PHOENIX (Reuters) - Five people whose skeletal remains were found in a remote Arizona smuggling corridor are thought to have been homicide victims from Mexico or Central America who were shot or beaten to death, authorities said on Tuesday.
Border Patrol agents discovered the five sets of human remains a week ago. They were partly covered by rocks in desert about 130 miles south of Phoenix near the town of Sells on the Tohono O‘Odham Reservation.
After a preliminary examination on Tuesday, Pima County Chief Medical Examiner Gregory Hess said trauma to the bones indicated that the five had either been bludgeoned or shot to death.
“We are treating it as a likely homicide. However, we don’t know how those injuries were inflicted yet, and whether or not those injuries were blunt force injuries that caused the bones to be traumatized or were gunshot injuries,” Hess said.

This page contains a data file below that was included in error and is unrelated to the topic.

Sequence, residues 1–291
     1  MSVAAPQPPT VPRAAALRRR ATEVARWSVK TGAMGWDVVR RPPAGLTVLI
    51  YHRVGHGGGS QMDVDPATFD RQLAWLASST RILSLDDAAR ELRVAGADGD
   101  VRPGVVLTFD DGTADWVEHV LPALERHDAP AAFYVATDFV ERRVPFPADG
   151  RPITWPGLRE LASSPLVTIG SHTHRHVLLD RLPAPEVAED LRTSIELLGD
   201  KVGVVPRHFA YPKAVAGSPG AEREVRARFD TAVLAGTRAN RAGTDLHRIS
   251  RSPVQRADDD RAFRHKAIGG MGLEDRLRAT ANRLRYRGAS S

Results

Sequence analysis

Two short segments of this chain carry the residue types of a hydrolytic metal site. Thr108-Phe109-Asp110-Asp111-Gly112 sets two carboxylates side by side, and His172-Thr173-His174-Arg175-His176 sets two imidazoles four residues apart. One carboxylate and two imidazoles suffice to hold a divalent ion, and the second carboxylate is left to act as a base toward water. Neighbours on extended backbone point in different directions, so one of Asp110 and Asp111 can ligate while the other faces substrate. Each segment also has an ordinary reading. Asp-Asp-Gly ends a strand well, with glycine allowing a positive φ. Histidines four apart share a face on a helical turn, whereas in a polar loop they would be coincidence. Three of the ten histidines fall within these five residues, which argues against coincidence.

“We believe that they are the remains of five foreign nationals who were killed either there or somewhere else and put in that location,” he added.
Asked if he thought the victims had died together, he said: “Probably.”
The age, sex and time of death of the five victims has yet to be established. However, personal effects, including currency, found with the remains were “consistent” with them being from “Mexico or Central America, or somewhere else,” Hess said.
Arizona straddles a well-trafficked corridor for human and drug smugglers from Mexico. While deaths are not uncommon among border crossers, they are mostly caused by heat exposure in the summer months.
Reporting by Tim Gaynor; Editing by Dan Whitcomb and David Brunnstrom